On June 6th, 2019 there was a huge buzz on the BI Realm about Google acquiring an Analytics Startup called “Looker”. They acquired them in an all-cash deal for a whopping $2.6 billion which made all the eyes maneuver towards Looker. With just seven years into the BI space, Looker had already established itself with 1500+ Customers and revenue exceeding $100 million.
Looker is a BI Platform that connects to any relational database. The data can be modeled in LookML, it’s Agile modeling layer which then could be consumed in Looker’s Visualization from where we build Looks and Dashboards. This eases the process of making data-driven decisions faster with more information for various users and business analysts.
Unlike SQL, Looker focuses on Reusability, Collaborative and Querying in an organized manner which led to the development of LookML. LookML simplifies the SQL Code that is written into more readable language so that development is easier. This unique nature of the Looker simplicities the development process by abstracting SQL thereby the users/ business analysts can lay more emphasis on the analysis part than the development. The integration of GIT, a version control mechanism with Looker enables us to automatically track various developments and keep a check on which needs to be moved to production. This makes the development and Visualization process as two different tracks so that one can develop and the other can visualize it without any waiting in between. Once the development is complete and pushed to Prod, all the changes will be automatically captured in the Visualization allowing users to see the recent changes made in development.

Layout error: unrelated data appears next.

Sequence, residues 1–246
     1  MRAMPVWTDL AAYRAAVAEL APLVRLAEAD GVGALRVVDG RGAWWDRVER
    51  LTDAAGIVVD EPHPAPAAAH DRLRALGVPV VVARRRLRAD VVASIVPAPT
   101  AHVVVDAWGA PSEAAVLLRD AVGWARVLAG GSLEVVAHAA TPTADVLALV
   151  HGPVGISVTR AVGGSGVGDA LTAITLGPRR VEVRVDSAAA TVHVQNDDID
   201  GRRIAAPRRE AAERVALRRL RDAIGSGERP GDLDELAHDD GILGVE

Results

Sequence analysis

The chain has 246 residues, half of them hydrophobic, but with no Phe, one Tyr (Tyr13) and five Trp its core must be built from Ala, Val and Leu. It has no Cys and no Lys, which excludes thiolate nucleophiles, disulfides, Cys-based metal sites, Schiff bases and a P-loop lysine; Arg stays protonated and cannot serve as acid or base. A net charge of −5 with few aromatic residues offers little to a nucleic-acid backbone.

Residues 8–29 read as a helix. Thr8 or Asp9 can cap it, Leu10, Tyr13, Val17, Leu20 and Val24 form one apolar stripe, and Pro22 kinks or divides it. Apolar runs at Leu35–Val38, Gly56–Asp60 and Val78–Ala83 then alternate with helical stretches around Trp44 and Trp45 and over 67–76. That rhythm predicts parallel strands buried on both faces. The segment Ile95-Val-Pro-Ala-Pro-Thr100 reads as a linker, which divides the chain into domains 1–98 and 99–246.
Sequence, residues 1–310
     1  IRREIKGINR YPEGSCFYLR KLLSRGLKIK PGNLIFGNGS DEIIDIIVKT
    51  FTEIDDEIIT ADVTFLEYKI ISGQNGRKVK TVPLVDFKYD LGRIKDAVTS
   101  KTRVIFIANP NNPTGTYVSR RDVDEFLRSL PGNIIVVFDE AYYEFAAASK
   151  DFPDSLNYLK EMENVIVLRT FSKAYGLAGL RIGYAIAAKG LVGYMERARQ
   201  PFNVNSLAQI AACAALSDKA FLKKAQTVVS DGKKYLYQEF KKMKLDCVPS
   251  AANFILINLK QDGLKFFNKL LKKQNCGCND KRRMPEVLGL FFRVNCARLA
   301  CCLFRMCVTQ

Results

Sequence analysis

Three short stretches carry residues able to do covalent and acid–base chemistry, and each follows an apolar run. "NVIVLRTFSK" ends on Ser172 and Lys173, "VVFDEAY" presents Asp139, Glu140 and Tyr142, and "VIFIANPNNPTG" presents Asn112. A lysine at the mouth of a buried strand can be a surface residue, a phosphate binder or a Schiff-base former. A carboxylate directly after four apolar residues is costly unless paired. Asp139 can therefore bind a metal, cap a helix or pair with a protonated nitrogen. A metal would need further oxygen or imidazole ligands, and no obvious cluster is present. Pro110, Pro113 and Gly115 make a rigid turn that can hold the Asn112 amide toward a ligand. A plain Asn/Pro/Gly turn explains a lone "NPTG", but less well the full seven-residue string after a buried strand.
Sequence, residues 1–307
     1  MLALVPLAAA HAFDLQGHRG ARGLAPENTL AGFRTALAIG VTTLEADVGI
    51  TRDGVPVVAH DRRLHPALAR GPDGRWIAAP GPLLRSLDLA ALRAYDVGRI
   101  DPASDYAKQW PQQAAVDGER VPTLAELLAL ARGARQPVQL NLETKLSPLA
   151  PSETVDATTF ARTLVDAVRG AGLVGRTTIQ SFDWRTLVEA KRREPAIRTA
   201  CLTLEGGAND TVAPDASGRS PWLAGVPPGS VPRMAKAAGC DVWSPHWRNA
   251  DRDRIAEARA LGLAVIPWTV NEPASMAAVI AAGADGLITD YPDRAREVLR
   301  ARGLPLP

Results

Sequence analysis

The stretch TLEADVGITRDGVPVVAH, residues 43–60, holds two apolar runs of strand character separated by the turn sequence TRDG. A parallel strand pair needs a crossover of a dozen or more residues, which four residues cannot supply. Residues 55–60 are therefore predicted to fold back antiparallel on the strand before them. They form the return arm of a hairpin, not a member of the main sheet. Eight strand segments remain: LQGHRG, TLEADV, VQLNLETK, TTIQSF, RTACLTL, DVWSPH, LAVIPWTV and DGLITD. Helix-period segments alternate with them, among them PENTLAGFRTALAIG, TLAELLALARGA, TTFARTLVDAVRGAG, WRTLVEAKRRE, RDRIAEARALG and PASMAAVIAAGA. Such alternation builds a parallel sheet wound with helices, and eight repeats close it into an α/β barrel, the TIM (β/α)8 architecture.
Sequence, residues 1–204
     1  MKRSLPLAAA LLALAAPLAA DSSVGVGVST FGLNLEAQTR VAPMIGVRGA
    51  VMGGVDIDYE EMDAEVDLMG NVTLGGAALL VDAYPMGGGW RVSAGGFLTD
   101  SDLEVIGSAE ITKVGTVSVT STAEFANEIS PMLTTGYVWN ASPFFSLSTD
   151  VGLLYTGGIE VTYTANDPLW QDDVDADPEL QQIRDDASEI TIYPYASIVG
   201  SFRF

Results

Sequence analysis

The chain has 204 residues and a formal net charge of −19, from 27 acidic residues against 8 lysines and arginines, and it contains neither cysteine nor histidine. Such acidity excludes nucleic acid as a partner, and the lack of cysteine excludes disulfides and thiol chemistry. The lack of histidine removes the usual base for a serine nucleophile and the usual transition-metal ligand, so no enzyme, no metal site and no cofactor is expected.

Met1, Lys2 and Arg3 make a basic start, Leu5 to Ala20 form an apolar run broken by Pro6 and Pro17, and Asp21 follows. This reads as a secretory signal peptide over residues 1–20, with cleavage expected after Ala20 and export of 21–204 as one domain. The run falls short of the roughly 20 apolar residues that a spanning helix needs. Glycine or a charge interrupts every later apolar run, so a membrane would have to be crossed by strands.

Looker Visualization, the front-end of Looker is perfectly suited for Self-Service BI. It incorporates all the necessary features a Self-Service BI should possess right from scheduling emails, sending alerts when certain conditions are met in a KPI, Exploring more insights from existing Looks, etc. They also have custom visualizations options that can be achieved using D3. REST API is provided by Looker as well, which could be consumed in various visualizations and other applications. Looker is fast as it directly queries the Database. Looker can be configured to use read-only connections to access the minimum amount of data required to respond to our queries thus focusing on data availability and not storage.
Now we can guess why Google acquired Looker. It would help them in broadening their portfolio in Business Intelligence. With already Big Query, Google’s inhouse analytical tool in the picture, Looker will make them strong contenders with Amazon and Microsoft who are holding the fort of BI in the cloud.